3 babies die in Uganda after hospital runs out of oxygen

At least three babies have died due to lack of oxygen at Kawempe Referral Hospital in Uganda according to a report from local media. The hospital had been taxed with handling obstetrics and gynaecology department of Mulago National Referral Hospital which has been shut down for renovation since 2015.

Sources who preferred anonymity in order to speak freely told Daily Monitor that since the moving of the department, they have struggled to get enough oxygen and in many cases patients who should have been saved have died.

The latest tragedy is the case of three pre-term babies who passed last Thursday after the oxygen in the cylinder they were sharing got used up.

Oxygen supply

Our sources say oxygen supply to the facility has been deficient for the last three weeks, hence frustrating the medical workers.

“We have had persistent lack of oxygen since we were taken [from Mulago] to Kawempe. We have made noise but things keep getting worse. There is nothing as frustrating as seeing your patient die when you know they could have been saved. It is sad this system has failed us,” the source lamented.

“There are many things we are forced to work without but are necessary. But what can we do? You also want to save the situation. In the process, we risk our lives and put in our money,” the source added.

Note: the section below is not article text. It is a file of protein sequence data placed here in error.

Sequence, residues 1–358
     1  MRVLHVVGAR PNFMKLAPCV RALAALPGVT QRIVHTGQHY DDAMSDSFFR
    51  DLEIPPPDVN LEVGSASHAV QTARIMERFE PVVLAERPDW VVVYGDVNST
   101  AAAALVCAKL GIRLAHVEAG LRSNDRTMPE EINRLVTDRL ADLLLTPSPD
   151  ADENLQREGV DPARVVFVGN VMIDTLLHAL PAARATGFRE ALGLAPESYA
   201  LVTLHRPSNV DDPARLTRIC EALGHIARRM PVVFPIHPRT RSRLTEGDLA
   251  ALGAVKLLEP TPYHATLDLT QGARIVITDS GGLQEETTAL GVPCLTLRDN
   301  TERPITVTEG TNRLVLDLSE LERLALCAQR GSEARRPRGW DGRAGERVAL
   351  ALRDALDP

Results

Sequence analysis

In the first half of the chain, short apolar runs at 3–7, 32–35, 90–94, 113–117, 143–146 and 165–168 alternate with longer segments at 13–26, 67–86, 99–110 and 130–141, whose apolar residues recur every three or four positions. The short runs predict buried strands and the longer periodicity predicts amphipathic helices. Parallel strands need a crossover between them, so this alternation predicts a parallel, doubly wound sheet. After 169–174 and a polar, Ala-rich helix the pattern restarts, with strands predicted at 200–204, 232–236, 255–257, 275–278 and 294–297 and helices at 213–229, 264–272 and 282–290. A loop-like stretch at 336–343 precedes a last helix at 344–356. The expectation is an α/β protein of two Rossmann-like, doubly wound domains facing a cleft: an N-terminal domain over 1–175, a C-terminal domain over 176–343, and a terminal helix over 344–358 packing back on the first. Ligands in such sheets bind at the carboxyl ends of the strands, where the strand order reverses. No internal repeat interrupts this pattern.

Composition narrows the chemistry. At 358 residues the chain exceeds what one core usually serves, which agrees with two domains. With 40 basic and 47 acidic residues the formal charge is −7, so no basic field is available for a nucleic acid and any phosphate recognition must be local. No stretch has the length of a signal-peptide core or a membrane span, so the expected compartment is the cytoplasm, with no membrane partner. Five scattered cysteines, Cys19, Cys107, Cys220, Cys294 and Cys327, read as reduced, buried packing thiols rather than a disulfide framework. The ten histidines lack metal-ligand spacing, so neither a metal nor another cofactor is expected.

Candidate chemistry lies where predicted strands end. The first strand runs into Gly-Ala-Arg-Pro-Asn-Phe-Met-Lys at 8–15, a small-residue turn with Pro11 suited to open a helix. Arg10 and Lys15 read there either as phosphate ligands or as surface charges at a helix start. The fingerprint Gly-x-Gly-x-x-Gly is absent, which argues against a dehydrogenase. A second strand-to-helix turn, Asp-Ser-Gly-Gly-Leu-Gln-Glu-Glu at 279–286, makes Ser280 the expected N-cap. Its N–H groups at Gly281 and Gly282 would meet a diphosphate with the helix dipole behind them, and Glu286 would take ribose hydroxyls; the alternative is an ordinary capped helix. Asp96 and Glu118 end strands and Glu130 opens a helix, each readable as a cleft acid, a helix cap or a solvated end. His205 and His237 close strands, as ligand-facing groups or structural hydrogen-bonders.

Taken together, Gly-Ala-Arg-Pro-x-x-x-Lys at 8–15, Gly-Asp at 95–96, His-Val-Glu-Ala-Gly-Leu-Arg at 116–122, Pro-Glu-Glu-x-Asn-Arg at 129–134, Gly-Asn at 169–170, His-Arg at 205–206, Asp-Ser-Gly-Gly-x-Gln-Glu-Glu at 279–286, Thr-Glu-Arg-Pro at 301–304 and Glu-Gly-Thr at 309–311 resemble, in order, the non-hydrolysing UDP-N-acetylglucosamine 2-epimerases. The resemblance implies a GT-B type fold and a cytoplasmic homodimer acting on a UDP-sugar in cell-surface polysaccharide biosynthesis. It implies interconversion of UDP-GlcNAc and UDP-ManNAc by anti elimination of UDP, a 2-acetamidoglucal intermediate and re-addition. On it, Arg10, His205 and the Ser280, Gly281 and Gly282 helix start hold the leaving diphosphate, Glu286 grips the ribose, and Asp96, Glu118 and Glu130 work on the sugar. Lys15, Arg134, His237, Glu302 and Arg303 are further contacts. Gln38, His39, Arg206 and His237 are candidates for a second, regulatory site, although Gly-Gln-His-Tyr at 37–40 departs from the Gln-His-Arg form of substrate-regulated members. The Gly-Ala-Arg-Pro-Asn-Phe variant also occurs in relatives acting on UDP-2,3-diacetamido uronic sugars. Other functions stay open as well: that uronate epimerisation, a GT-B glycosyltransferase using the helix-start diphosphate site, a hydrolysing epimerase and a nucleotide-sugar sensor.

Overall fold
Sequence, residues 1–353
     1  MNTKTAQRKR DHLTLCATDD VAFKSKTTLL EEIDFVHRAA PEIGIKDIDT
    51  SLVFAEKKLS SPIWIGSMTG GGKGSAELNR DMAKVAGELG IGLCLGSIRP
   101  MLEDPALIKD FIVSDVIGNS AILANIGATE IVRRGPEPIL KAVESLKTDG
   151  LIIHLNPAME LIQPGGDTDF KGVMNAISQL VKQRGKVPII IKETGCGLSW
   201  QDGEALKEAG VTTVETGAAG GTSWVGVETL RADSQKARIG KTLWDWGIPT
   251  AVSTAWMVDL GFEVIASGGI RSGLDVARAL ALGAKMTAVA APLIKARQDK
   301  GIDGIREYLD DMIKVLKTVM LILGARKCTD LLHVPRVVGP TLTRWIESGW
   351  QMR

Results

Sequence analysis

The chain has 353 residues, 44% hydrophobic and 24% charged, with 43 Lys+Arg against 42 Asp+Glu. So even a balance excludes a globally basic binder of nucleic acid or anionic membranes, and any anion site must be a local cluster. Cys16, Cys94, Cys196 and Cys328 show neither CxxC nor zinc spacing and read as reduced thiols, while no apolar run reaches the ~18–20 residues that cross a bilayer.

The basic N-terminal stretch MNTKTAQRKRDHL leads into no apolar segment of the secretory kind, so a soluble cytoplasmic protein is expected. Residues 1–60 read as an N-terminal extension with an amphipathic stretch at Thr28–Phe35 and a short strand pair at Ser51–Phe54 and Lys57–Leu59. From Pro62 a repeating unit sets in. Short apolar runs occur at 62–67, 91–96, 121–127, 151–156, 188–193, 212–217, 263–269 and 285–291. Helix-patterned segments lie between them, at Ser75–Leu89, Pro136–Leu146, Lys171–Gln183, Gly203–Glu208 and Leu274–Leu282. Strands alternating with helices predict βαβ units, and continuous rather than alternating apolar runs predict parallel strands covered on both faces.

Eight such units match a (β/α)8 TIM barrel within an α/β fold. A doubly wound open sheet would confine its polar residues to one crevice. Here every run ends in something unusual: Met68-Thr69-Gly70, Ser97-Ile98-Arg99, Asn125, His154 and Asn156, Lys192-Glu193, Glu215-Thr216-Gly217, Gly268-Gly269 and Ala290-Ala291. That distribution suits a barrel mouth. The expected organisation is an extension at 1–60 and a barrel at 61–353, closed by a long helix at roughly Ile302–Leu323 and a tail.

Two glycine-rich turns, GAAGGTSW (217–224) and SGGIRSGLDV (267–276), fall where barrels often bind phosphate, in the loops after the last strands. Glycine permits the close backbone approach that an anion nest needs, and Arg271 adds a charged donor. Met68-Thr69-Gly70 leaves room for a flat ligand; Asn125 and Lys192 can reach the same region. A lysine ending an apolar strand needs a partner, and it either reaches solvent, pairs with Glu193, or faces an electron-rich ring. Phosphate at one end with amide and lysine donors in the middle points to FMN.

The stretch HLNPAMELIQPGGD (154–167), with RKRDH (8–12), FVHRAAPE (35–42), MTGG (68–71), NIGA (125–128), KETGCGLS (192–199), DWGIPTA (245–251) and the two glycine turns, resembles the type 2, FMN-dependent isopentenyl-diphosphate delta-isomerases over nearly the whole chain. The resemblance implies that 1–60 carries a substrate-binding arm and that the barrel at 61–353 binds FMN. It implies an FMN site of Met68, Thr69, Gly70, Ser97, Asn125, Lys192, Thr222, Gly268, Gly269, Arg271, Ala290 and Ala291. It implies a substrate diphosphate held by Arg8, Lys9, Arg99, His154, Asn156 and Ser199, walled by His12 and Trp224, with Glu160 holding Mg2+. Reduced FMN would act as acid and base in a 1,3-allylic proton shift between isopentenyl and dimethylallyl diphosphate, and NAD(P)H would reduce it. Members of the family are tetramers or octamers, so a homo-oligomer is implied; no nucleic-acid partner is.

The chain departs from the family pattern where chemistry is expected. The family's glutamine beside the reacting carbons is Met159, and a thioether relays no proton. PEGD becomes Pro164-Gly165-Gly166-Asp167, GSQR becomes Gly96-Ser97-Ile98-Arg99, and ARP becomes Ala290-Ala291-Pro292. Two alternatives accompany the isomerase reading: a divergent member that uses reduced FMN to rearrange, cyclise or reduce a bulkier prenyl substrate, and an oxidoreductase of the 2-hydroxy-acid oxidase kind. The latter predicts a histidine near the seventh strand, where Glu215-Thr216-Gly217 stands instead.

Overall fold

The source said at some point, because the situation was unbearable, the administrators asked the nurses to advise patients’ attendants to contribute at least Shs1,000 so that they could pool some money to buy the oxygen at Shs140,000 per cylinder.

But Mulago Hospital spokesperson Enock Kusasira downplayed the Thursday disaster, saying the hospital suffered only a one-hour gap without oxygen before it was delivered from Mulago’s plant to Kawempe.

“That may be true and we regret it. There was a gap of one hour without oxygen. But in the afternoon, it was taken. We take 14 cylinders every day to Kawempe and distribute it to areas where it is most needed. The special care unit alone, where we have premature children, receives 10 cylinders,” Mr Kusasira said in an interview.

He blamed the delay on the traffic jam that always paralyses the nearly four-kilometre journey from Mulago to Kawempe Hospital.

Allegations

On the allegations that management had asked patients to contribute, he said: “There must be other issues which we need to investigate. But there are other things that affect us. Kawempe is far away from where we refill. But to say that we asked patients to contribute, that is extortion and we condemn it. We have vehicles which take the gas on a daily basis.”

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